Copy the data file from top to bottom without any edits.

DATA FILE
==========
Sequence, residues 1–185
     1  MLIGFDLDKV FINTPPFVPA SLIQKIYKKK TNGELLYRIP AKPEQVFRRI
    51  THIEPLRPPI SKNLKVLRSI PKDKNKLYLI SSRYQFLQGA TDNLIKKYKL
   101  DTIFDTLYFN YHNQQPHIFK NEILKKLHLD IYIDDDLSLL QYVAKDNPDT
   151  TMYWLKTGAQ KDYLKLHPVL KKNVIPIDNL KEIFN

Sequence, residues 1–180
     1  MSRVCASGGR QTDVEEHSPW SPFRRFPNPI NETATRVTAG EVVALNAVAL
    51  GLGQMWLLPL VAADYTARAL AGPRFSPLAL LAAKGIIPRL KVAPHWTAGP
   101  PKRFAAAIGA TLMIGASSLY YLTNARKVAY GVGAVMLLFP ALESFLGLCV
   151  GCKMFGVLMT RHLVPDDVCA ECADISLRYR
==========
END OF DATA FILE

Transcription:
Sequence, residues 1–185
     1  MLIGFDLDKV FINTPPFVPA SLIQKIYKKK TNGELLYRIP AKPEQVFRRI
    51  THIEPLRPPI SKNLKVLRSI PKDKNKLYLI SSRYQFLQGA TDNLIKKYKL
   101  DTIFDTLYFN YHNQQPHIFK NEILKKLHLD IYIDDDLSLL QYVAKDNPDT
   151  TMYWLKTGAQ KDYLKLHPVL KKNVIPIDNL KEIFN

Sequence, residues 1–180
     1  MSRVCASGGR QTDVEEHSPW SPFRRFPNPI NETATRVTAG EVVALNAVAL
    51  GLGQMWLLPL VAADYTARAL AGPRFSPLAL LAAKGIIPRL KVAPHWTAGP
   101  PKRFAAAIGA TLMIGASSLY YLTNARKVAY GVGAVMLLFP ALESFLGLCV
   151  GCKMFGVLMT RHLVPDDVCA ECADISLRYR